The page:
- Outsource to the right people or organizations by doing enough research.
- Have clear goals before you outsource and identify the benefits you will get.
- Review progress from time to time to ensure things are as planned.
- Maintain good communication.
- Remember that you get what you pay for. Outsourcing should not be used as a way of saving money.
Use software – almost every business activity has a software that can substitute the human effort required. So research how software can handle some of your load.
Play a lot
You need to allot your time so you can work and also play. Spending time with your family or friends, pursuing your hobbies, and looking after your body are as important as the success of your business.
Focusing only on work makes you unbalanced. And that leads to small business owner burnout.
Most entrepreneurs work for over 60 hours per week. While this may seem productive, it does not translate into getting more done.
Research shows that working for more than 40 hours per week makes you less productive. You lose time you would have spent taking breaks (and these are important for avoiding burnout). So stick to 40 hours per week.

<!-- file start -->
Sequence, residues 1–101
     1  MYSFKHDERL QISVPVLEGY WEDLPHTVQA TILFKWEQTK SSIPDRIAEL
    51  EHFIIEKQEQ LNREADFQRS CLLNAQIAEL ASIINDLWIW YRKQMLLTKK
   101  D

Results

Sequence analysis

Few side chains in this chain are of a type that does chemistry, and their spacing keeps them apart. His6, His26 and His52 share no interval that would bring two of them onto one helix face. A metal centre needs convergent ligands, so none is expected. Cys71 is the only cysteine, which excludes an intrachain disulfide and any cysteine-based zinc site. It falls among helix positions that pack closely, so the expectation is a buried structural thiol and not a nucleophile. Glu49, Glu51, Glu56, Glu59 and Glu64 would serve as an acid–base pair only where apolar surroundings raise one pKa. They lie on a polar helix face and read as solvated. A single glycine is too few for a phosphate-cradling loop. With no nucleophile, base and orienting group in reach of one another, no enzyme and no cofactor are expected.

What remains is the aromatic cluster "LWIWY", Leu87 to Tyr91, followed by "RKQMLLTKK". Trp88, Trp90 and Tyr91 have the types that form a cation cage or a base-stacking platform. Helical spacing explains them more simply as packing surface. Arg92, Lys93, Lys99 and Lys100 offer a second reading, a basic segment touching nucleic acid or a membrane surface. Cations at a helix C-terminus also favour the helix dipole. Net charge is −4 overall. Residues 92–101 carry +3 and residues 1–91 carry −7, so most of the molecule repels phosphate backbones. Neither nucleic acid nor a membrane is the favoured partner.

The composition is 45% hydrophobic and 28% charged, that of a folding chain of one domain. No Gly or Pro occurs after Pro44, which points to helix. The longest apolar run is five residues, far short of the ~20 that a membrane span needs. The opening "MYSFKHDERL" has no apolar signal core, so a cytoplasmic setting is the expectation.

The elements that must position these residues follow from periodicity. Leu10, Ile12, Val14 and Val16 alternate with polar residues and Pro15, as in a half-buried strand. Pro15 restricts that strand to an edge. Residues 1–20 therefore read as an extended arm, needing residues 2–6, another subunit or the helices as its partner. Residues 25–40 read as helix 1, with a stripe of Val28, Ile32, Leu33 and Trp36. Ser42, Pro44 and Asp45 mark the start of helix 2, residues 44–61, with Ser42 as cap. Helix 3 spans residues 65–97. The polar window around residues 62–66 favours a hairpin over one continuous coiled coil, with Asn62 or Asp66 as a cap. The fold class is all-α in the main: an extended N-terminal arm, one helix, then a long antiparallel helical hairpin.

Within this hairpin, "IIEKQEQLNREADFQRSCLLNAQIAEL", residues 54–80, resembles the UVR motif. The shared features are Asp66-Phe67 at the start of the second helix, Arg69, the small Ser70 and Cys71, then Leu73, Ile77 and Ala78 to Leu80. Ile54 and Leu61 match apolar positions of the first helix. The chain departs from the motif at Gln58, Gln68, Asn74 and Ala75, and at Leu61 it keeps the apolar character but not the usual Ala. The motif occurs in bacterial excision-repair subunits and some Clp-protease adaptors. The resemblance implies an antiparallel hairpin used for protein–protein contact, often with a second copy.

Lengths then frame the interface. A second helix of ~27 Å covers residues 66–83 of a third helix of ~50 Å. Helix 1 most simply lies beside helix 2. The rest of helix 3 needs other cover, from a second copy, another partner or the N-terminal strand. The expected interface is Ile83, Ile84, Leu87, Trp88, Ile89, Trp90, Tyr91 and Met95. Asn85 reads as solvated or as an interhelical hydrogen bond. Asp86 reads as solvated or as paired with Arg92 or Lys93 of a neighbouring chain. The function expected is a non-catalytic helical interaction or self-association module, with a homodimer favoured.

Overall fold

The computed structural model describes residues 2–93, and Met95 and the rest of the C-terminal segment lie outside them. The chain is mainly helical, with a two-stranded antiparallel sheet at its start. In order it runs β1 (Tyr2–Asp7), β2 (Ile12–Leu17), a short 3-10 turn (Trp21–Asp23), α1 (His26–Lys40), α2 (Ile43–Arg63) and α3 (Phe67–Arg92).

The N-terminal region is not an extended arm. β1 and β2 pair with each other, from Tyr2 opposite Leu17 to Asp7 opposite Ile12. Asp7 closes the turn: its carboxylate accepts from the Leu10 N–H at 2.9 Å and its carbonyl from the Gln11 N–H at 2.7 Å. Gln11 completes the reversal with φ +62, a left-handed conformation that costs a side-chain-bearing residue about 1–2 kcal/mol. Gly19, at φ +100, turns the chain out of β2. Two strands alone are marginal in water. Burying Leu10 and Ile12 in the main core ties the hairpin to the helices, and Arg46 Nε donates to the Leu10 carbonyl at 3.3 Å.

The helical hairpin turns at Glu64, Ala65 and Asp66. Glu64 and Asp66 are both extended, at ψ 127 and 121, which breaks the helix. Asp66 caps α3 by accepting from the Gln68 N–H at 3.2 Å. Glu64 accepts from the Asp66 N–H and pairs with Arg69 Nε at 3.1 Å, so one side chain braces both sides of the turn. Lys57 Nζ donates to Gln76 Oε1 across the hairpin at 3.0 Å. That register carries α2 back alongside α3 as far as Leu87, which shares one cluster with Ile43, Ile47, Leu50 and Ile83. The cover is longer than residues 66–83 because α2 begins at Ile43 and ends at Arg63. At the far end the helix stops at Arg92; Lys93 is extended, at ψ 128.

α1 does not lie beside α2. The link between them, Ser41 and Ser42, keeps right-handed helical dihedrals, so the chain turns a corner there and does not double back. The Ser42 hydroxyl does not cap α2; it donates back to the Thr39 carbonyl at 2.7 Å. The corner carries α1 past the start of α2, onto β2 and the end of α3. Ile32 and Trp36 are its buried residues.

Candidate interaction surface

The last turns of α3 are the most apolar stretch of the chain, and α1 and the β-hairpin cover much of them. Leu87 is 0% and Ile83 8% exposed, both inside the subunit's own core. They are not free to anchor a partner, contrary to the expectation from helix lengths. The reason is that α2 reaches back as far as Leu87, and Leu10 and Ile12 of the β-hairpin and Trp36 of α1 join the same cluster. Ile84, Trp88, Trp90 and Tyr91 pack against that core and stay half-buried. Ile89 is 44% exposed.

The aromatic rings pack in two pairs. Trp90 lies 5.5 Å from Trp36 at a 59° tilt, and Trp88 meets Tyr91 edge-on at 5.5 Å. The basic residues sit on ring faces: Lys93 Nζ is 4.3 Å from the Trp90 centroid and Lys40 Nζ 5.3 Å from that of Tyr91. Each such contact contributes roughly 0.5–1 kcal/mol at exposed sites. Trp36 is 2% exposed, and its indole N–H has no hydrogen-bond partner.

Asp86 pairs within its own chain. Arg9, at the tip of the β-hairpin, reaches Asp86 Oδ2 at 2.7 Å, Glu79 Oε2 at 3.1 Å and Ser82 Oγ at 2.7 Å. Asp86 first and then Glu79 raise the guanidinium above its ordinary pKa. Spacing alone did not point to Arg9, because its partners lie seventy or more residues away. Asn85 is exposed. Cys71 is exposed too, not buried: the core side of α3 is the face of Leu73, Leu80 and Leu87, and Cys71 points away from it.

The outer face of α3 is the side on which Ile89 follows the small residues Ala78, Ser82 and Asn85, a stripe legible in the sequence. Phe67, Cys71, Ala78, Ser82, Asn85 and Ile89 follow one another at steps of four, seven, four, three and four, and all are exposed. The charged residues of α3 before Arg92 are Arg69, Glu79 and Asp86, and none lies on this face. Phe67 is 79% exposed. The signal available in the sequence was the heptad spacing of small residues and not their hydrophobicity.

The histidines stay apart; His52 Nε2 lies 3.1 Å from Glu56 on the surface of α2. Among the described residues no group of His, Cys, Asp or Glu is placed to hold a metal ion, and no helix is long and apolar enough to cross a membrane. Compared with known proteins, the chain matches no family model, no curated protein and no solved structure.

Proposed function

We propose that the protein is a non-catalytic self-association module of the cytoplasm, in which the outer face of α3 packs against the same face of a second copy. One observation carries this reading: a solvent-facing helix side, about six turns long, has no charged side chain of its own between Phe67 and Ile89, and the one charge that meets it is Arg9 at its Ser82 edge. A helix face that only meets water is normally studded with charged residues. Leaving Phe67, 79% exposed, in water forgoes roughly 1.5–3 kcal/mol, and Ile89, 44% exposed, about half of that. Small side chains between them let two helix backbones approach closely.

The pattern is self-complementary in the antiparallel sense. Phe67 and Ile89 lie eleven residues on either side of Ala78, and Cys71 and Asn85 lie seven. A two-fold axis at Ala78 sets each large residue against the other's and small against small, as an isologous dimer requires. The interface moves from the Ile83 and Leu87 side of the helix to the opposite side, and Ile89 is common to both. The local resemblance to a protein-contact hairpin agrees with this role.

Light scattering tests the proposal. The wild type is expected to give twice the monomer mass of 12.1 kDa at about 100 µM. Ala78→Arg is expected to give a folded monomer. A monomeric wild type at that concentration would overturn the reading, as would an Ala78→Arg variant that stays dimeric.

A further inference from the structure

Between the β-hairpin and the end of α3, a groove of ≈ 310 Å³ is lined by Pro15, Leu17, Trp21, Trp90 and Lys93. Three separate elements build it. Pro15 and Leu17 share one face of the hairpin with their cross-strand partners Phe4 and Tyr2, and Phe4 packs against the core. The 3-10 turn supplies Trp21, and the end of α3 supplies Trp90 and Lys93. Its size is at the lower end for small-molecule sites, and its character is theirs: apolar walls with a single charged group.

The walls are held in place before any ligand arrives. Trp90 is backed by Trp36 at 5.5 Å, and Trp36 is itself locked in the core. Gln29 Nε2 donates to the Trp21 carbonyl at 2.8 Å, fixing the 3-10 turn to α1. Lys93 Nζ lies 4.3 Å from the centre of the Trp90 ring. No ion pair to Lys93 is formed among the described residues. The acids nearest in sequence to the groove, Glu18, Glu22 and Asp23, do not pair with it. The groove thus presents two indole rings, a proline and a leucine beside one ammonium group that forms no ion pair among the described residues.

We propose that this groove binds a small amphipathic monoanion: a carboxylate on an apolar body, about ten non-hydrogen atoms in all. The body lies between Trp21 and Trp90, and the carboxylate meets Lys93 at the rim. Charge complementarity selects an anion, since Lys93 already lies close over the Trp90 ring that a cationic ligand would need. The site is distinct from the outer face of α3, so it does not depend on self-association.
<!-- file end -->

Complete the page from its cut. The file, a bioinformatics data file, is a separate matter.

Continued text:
And during the day, have 20-minute breaks after every 90 minutes of focused productivity.
It matters how you spend your time during the breaks. Generally, you want to be detached from your work. Taking a nap, walking in the woods, meditating, or listening to music are good ways to spend a break.
Make Every Second Count
Procrastination is an enemy all entrepreneurs should fight. When you procrastinate, you spend more time working on a single task. In addition, tasks pile up, making you work when you should be playing.
Meanwhile, all that this does is keep you from enriching your life. And that leads to burnout.
Here is how you can avoid procrastinating:
Break activities into tasks you can achieve today – research shows that trying to conquer gigantic tasks only leads to fear which leads to procrastination. The solution is to break your tasks as much as you can.
For example, to break the task of writing a business plan, you would have the following:
- Write “Company Description” and “Products and Services” sections on Monday
- Write “Marketing Plan” and “Operational Plan” sections on Tuesday
- Write “Management and Organization” and “Financial Plan” sections on Wednesday
- Write “Appendices” and “Executive Summary” sections on Thursday
- Polish the plan on Friday.
Have a to-do list – to make this effective, you must ensure that all tasks on it are to be finished that day. Excuses cannot be tolerated. Here are more tips for better to do lists: